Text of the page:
Furthermore, in Huang’s [15] original study, the results revealed that the timing of applying dynamic compression was important. The loading initiated soon after MSCbeing encapsulated into agarose, led to reduced mechanical properties. In contrast, loading initiated after chondrogenic induction and ECM elaboration in the presence of TGF-β3, enhanced the mechanical properties of MSC-seeded constructs. This may be attributed to different mechanotransduction pathways between differentiated and undifferentiated MSCs. Following a shift from the 2% agarose to a denser, cartilage-like construct, the stresses induction was higher. The microarray analysis of the original study showed that several genes from the MMP/TIMP family were significantly modulated. However, the original microarray analysis merely took the fold change of genes into consideration when evaluated the gene importance. This may lead to an inadequate revelation of actual hub genes, as the fold change of genes is not always reliable and proportional to the actual influence on cells. Considering the availability of original data, and the fact that dynamic loading with TGF-β3 is the proven condition that promoted a stable chondrogenic phenotype, this study was built up on one of Huang’s series experiments for further bioinformatics analysis. It explored how compressive stimuli influence the gene expression after chondrogenic induction using TGF-β3, to shed important insight on the mechanism behind. Although the study was initially intended to collect a series of datasets at different time points, the uploaded datasets involving mechanical loading were only available at the time point of day 42. As consequence, a possible loss of some gene information at the initial time point might become inevitable, nevertheless, the long-term gene modulation data at the ending time point was indispensable for analysis. New understanding resulting from the data excavation may contribute towards developing a better strategy to enhance chondrogenic efficiency, quality, and stability.

The high-throughput microarray technology combined with bioinformatics analysis has been widely used in providing new insight into gene expression changes and molecular mechanisms. In the present study, the GEO database was utilised to obtain microarray raw data. A total of 236 DEGs were identified between TGF-β3-induced and TGF-β3/dynamic-compression-induced MSCs, including 178 up-regulated genes and 58 down-regulated genes. After that, the DEGs were analysed by GO functional enrichment analysis and classified into three groups, which were subsequently further clustered, based on functions and signalling pathways.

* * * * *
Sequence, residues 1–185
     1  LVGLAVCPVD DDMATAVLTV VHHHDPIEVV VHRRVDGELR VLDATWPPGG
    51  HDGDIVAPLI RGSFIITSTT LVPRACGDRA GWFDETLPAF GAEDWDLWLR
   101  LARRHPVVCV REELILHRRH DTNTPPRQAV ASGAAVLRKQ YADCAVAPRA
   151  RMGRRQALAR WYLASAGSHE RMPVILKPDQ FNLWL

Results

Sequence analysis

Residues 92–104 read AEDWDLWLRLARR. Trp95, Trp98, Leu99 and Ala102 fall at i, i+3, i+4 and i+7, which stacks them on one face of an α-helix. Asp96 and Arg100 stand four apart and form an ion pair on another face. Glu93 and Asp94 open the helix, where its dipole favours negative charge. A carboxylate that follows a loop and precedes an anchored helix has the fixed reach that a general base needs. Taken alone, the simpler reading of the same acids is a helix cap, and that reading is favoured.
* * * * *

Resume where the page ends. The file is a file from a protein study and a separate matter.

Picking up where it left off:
The results of GO functional enrichment analysis showed that the DEGs were mainly enriched in the GO terms of inflammatory response, in utero embryonic development and negative regulation of angiogenesis. This conforms to previous studies showing that the inflammatory response was involved in chondrogenic regulation. Inflammatory factors have been recognised as an important driving force leading to cartilage breakdown, and their down-regulation is vital for constructing initial collagen networks. A previous animal study revealed that the three-day cyclic compression of 0.5 MPa at 0.5 Hz on bovine chondrocytes counteracted the cartilage degradation induced by IL-1 [19]. Therefore, dynamic loading is not only a stimulator for chondrogenesis, but also an anti-inflammatory factor against pro-inflammatory cytokines. In this study, there were two other GO terms – GO:0001701 (in utero embryonic development) and GO:0016525 (negative regulation of angiogenesis) – that were significantly abnormal between the TGF-β3-induced and TGF-β3/dynamic-compression-induced MSCs. This demonstrates that dynamic compression may affect the anatomical structure development of chondrogenesis. During the early embryogenesis and cartilage maturation, various mechanical stimuli in the microenvironment promote chondrogenesis and limb formation and are responsible for adult chondrocyte phenotype maintenance [20]. Generally, biomechanics has been widely regarded as a promoter of angiogenesis and osteogenesis [21, 22]. On the other hand, cartilage is an avascular system [3], however, the understanding regarding how cartilage maintains avascularity under a mechanical load is limited in the literature, and the underlying biomechanics have not yet been fully established. This study suggests that appropriate mechanical stimuli are vital for inducing less angiogenesis.